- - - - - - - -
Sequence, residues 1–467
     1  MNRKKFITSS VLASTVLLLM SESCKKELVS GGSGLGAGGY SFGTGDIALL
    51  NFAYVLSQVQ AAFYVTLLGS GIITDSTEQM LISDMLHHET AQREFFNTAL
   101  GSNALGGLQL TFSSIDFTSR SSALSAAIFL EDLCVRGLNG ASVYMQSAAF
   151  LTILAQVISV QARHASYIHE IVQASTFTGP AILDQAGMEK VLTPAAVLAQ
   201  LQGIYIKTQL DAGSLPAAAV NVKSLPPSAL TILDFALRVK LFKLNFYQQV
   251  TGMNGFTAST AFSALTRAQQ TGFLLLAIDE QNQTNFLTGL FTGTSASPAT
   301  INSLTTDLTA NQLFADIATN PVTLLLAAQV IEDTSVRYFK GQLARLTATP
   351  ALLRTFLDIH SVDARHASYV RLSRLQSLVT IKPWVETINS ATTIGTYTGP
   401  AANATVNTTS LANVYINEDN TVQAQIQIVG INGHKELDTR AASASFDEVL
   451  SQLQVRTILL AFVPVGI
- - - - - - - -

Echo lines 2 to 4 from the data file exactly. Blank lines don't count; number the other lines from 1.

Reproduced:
     1  MNRKKFITSS VLASTVLLLM SESCKKELVS GGSGLGAGGY SFGTGDIALL
    51  NFAYVLSQVQ AAFYVTLLGS GIITDSTEQM LISDMLHHET AQREFFNTAL
   101  GSNALGGLQL TFSSIDFTSR SSALSAAIFL EDLCVRGLNG ASVYMQSAAF